Gamô Sadahide began the building of this castle in 1533, which ended 3 years later. The Gamô clan became a vassal of Oda Nobunaga during Gamô Katahide's generation, and when the Honnôji Incident occurred in 1582, Katahide and his son Gamô Ujisato welcomed Oda Nobunaga's wife and concubine to the castle. In 1584, Ujisato was transferred to Matsugashima, Ise Province, with 120,000 koku. After that, Tanaka Yoshimasa and Nagatsuka Masaie entered the castle, and in 1600, the castle was abandoned after the Battle of Sekigahara. In 1620, Ichihashi Nagamasa set up a jin'ya in a part of the Hino castle ruins and continued as the jin'ya of the Nishoji domain until the Meiji Restoration. Most of the remains were destroyed during the construction of the Hinogawa Dam, but some stone walls and moats remain around Ryôgyô Shrine and Inari Shrine.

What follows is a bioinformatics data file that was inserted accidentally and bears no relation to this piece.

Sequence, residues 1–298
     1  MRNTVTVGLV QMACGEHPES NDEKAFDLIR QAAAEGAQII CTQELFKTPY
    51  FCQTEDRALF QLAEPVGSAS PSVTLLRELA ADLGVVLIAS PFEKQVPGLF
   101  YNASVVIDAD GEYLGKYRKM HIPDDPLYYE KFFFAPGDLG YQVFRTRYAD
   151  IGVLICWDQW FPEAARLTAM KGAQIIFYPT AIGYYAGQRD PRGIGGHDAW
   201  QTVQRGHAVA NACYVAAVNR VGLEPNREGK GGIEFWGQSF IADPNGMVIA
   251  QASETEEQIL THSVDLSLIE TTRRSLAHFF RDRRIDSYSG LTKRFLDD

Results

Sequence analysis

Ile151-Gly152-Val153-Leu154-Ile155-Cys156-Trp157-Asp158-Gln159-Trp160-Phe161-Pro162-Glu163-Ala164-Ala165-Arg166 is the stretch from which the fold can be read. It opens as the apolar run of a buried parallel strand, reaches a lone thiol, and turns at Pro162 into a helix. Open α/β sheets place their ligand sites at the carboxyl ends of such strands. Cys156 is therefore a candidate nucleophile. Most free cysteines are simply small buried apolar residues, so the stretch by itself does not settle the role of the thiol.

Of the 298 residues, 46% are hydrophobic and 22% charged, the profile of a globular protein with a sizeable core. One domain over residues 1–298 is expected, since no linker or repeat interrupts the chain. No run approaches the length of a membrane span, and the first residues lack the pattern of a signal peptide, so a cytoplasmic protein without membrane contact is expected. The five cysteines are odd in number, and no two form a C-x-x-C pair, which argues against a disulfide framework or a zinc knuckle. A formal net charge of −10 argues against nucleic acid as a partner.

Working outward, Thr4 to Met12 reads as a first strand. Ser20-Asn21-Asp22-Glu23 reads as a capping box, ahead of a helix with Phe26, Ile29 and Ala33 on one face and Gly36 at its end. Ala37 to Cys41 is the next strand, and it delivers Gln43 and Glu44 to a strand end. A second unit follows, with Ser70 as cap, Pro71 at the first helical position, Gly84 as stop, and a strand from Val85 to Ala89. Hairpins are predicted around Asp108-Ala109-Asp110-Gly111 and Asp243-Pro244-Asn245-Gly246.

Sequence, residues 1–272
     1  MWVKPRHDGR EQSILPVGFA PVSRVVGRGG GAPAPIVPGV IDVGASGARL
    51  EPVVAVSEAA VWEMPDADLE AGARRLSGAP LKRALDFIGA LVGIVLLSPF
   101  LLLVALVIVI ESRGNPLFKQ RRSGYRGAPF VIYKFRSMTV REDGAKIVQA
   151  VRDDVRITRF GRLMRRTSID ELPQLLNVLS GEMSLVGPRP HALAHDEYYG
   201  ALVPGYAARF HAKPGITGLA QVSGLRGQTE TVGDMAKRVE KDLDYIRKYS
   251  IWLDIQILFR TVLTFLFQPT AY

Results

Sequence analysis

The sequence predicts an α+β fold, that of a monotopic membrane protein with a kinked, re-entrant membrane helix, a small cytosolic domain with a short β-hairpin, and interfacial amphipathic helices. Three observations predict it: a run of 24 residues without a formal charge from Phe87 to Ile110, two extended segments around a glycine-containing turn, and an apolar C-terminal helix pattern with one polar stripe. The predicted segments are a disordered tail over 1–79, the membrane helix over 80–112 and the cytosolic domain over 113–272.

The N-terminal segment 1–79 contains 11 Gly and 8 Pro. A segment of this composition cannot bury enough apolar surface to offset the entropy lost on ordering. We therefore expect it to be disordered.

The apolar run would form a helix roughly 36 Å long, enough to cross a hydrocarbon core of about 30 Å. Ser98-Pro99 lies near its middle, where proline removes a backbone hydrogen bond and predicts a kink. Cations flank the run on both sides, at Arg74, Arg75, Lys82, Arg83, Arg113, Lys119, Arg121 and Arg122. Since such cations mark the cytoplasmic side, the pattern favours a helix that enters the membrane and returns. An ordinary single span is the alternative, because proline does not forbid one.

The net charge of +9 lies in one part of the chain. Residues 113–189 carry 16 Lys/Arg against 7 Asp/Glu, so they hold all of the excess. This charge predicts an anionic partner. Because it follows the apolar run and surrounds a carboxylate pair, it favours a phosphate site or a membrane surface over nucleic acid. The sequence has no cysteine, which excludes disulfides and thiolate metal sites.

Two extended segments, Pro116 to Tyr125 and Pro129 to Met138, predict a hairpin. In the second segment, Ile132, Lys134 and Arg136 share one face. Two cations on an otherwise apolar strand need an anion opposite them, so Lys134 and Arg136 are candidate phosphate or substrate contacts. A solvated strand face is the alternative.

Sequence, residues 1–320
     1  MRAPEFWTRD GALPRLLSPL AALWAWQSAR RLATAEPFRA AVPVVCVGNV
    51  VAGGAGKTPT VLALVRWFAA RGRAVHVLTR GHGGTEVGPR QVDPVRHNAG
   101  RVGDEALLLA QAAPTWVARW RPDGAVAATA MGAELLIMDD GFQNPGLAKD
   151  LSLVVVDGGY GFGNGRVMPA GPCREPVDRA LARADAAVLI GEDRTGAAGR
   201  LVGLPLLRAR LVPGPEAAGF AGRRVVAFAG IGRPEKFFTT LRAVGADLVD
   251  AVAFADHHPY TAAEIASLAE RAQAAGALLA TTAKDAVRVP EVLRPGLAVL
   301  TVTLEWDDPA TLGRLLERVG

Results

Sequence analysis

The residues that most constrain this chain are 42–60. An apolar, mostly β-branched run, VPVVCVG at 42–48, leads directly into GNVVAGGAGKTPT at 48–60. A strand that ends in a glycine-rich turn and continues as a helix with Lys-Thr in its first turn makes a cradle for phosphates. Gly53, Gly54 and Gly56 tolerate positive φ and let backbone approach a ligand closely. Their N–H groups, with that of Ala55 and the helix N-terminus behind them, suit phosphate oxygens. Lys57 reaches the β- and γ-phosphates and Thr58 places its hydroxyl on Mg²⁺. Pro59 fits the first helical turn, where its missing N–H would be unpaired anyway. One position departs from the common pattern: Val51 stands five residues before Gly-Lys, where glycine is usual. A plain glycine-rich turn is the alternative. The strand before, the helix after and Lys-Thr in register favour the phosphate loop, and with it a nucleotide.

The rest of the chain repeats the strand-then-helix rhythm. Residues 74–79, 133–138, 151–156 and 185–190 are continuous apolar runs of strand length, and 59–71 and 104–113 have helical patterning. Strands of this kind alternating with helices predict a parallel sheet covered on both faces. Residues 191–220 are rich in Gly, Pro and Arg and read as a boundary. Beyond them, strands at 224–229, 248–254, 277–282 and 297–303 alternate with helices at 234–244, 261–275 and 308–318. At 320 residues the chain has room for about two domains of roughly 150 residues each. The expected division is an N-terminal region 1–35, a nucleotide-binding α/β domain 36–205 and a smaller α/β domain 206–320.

From Otowa castle, I walked back to visit the site of Hino castle. To the locals, and on the signs, it is better known as Nakanojō. This was more a let down, since only a small part of the castle, were 2 shrines are, remain. The rest has been urbanised. There is a bus stop not too far. The name of it is Hinōkawadamuguchi. I had to wait 40 minutes for the next bus, so I decided to walk back to the station on the main street of Hino. It's about 4.5km. This street or Hinoshonin-kaidō, is a very picturesque road. There are lots of old houses. Temples and shrines, some very old, are lining up.
|Pre Edo Period
|bus from Hino station
|Hino, Shiga Prefecture
|35° 0' 31.32" N, 136° 15' 54.22" E
|Added to Jcastle
|Admin Year Visited